A will is a legal document that sets forth how an individual’s asset will be managed and distributed upon one’s death. The will leave the asset specifically to named individuals known as beneficiaries. You must be witnessed by at least two witnesses. These witnesses can be any majors (above 21 years of age) except for the following:

  • Spouse of the will
  • Beneficiaries of the

The maker of the will must be of sound mind and of legal age. You may wonder is it worth the effort and money to engage a lawyer to write a will. My advice is you should consider leaving the drafting of wills to professional. Wills are too important and too technical to leave to an amateur’s effort.

When writing your will, be mindful of the type of estate you own and how that estate is titled. Wills do not transfer property that goes by other planning devices or by operation of law.

Remember joint tenancy which automatically provides that the surviving tenant becomes the legal owner of the assets regardless of what a will says. It may be important to know what your assets are and not affect your will. Prior to your death, your will is revocable – it can be amended, altered, or revoked a number of times. Therefore, the date on which the will was drafted should be clearly specified.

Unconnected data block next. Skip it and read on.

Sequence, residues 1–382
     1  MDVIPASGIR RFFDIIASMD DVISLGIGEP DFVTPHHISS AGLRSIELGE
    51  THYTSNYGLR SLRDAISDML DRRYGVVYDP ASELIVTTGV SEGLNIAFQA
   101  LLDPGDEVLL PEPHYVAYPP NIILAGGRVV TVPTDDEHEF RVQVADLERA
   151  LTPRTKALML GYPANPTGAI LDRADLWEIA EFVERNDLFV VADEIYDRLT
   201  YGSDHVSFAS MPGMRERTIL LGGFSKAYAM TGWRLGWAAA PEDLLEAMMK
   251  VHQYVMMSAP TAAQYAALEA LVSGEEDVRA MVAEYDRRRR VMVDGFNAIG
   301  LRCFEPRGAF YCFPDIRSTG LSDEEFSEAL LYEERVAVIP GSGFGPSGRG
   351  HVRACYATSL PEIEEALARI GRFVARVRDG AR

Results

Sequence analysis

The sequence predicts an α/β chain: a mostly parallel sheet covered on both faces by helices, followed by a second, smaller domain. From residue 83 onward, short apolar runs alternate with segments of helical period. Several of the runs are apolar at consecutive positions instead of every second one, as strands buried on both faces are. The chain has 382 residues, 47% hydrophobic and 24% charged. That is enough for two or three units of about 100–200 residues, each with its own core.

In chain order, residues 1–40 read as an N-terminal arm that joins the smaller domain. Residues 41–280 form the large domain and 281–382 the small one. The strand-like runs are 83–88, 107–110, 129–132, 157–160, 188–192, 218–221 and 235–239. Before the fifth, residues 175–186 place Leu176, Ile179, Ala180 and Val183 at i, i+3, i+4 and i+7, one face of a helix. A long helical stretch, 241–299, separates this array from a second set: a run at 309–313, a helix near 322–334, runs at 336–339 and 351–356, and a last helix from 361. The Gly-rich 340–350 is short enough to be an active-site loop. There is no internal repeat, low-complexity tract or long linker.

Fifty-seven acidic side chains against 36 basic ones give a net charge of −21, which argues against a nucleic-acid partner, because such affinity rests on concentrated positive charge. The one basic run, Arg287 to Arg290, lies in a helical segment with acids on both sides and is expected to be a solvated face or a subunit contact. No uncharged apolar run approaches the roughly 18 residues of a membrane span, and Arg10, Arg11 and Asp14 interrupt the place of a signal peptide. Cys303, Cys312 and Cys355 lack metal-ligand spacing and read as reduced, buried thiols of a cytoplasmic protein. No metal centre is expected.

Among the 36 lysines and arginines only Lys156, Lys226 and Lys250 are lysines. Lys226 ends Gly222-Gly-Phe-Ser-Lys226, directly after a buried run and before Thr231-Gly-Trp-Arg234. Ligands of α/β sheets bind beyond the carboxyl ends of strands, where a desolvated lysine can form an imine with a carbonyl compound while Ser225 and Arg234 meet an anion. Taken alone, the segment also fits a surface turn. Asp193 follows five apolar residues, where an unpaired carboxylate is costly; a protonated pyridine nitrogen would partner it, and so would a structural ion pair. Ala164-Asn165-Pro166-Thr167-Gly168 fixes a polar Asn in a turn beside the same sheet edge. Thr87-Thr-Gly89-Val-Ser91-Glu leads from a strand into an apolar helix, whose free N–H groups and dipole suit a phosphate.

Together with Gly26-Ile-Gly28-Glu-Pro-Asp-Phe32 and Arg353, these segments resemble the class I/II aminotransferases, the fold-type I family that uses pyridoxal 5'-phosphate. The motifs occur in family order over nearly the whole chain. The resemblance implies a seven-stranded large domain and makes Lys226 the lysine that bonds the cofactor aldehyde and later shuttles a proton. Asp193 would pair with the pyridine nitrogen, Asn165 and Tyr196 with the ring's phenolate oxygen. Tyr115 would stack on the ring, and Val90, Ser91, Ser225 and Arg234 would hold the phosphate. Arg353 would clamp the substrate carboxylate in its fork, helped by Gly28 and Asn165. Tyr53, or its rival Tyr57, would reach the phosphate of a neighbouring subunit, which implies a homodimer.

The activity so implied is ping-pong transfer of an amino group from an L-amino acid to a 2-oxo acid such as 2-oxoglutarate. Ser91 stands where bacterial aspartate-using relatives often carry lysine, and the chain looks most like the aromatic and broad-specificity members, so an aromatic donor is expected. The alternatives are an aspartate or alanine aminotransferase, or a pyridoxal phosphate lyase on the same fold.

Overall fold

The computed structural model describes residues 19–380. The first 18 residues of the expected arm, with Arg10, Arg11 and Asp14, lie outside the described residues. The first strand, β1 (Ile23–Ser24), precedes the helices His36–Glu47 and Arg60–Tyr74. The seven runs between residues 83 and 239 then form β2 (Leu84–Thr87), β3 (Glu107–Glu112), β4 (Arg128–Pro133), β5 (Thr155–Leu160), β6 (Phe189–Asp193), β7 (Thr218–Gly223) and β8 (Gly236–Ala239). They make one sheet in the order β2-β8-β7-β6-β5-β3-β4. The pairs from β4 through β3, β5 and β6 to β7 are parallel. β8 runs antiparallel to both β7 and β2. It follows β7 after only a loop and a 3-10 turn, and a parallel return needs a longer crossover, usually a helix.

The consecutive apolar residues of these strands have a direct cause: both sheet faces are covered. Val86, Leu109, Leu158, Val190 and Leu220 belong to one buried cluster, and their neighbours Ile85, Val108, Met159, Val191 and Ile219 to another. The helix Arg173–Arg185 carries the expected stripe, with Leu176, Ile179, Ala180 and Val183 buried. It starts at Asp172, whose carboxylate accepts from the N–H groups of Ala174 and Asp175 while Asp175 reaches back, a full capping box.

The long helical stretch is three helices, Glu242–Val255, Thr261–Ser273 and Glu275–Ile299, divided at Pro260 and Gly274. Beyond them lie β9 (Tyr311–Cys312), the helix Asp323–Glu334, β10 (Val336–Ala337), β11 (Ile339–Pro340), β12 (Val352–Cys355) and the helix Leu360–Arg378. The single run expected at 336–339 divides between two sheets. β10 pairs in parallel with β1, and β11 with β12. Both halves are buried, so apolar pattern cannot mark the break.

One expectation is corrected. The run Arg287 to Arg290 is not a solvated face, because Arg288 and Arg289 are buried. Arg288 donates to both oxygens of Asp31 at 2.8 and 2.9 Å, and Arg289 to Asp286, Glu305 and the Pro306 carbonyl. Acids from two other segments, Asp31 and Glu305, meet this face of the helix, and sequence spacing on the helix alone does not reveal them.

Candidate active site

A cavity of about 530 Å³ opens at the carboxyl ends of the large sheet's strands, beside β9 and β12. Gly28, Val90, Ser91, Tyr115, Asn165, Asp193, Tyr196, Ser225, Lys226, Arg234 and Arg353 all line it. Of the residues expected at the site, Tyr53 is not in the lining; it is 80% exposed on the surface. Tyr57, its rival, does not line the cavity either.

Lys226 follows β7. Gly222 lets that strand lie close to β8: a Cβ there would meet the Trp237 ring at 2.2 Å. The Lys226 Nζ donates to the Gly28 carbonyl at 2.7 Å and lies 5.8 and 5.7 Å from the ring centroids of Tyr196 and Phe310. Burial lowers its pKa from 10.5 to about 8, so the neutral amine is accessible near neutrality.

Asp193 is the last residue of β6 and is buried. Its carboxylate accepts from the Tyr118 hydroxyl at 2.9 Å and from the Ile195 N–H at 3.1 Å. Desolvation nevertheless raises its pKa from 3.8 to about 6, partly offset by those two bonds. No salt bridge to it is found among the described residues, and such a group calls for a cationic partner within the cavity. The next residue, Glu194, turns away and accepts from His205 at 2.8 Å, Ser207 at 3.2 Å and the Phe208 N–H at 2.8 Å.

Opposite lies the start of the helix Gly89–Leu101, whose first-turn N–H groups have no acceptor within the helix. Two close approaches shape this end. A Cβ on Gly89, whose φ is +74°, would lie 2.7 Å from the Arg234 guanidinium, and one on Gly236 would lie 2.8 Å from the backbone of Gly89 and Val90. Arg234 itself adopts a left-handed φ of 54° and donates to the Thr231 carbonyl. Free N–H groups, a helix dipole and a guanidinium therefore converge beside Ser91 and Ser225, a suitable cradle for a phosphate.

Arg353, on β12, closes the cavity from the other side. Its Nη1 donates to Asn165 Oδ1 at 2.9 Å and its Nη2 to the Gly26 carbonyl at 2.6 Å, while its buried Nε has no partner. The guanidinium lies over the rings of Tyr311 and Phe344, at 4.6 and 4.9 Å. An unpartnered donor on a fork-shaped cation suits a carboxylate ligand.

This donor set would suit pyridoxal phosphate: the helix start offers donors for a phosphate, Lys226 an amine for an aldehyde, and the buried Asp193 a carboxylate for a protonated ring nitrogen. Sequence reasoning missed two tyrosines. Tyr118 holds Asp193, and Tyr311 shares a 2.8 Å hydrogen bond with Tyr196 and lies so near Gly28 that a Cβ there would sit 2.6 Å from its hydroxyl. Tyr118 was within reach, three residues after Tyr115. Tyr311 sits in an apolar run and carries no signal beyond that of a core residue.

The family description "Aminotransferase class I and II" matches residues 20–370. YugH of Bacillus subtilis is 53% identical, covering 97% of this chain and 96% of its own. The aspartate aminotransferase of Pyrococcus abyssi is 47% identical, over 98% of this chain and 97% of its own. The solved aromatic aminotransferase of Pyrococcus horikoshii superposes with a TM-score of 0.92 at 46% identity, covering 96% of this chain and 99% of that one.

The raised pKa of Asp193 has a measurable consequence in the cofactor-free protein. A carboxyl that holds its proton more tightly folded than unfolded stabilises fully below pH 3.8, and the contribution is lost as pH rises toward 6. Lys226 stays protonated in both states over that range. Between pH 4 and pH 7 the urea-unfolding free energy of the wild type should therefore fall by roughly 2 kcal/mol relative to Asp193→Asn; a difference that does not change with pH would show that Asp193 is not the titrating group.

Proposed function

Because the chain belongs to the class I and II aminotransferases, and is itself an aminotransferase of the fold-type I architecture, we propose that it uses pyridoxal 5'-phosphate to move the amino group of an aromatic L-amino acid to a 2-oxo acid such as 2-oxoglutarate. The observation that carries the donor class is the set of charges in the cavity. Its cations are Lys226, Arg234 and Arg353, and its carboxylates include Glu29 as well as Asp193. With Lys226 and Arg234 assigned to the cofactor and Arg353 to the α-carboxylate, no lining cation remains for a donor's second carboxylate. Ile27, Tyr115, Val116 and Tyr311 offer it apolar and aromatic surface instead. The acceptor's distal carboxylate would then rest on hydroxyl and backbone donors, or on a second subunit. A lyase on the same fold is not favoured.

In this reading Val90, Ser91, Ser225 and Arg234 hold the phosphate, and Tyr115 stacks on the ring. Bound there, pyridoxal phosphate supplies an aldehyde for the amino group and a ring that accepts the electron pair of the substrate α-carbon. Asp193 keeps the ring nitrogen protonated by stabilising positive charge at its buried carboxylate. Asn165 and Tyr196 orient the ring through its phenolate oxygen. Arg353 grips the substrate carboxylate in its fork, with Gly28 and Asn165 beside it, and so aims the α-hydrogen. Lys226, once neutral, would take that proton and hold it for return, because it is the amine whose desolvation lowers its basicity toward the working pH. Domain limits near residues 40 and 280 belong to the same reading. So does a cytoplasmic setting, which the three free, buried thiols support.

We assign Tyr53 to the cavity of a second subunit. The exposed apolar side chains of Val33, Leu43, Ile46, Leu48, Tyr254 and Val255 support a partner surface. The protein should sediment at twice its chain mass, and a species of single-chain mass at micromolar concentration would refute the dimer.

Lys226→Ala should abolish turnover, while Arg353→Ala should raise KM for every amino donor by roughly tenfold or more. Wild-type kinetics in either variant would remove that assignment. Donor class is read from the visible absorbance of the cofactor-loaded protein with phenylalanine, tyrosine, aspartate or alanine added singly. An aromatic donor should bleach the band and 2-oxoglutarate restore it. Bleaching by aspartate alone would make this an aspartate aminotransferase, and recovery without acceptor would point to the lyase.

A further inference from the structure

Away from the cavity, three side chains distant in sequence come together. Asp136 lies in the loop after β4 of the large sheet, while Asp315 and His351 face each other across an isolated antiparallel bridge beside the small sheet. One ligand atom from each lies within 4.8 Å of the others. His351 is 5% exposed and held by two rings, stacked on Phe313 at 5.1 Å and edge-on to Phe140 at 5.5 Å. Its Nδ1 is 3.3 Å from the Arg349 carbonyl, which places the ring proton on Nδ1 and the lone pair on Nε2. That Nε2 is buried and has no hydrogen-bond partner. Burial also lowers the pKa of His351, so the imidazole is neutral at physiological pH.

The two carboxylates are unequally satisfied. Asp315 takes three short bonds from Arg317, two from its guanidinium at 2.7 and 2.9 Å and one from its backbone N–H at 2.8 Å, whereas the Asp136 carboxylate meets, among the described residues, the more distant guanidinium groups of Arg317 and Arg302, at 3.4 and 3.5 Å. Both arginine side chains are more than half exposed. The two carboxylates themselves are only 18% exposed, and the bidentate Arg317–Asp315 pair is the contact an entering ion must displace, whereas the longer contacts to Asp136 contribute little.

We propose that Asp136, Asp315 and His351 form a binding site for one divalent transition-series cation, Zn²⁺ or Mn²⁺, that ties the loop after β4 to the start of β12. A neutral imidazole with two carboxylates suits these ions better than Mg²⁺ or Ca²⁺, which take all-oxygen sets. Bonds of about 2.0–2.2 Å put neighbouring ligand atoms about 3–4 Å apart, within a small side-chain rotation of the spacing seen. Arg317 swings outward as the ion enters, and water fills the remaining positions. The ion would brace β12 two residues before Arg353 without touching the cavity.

Only the latest will shall be legally enforceable. At death, the will becomes irrevocable.

Dying Without a Will



  • Legally adopted children but not illegitimate children have succession rights on the death of an intestate under the Intestate Succession Act.
  • The Act does not apply to the estate of any Muslim or affect any rules of the Muslim law in respect of the distribution of the estate of any such person.
  • No distinction is made between relatives of the same class whether of the paternal or maternal side.
  • Full blood relatives take before half blood relatives of the same class.

Source: Financial Life Coaching Pte Ltd (Used with permission.)


A trust is a legal arrangement involving three parties: the grantor, the trustee and beneficiaries. The grantor is the one who sets up the trust. He is the owner of assets that are being transferred to the trustee. The trustee can be an individual or an institution. The trustee is responsible for managing the assets for the benefit of the beneficiaries of the trust.

The advantages of setting up a trust are:

  1. Competent management of assets (trustee can be a professional institution.)
  2. Protection of assets.
  3. Confidentiality.
  4. Avoidance of probate.
  5. Flexibility.
  6. Tax benefits (estate duty imposed is minimised.)

In conclusion, if you have not prepared an estate plan, now is the time to do it. Gather information, make plans and set up an appointment with an attorney to review them. Communicate your desires to your family and loved ones.

Remember that your last will and testament is your lasting opportunity to share your love for the Lord and with your family and friends.

Be faithful, even to the point of death, and I will give you the crown of life.

~ Revelation 2:10


  1. What is a will?
  2. What happens if I die without a will?
  3. What is the advantage of setting up a trust?
Week 50 – Wills and Trusts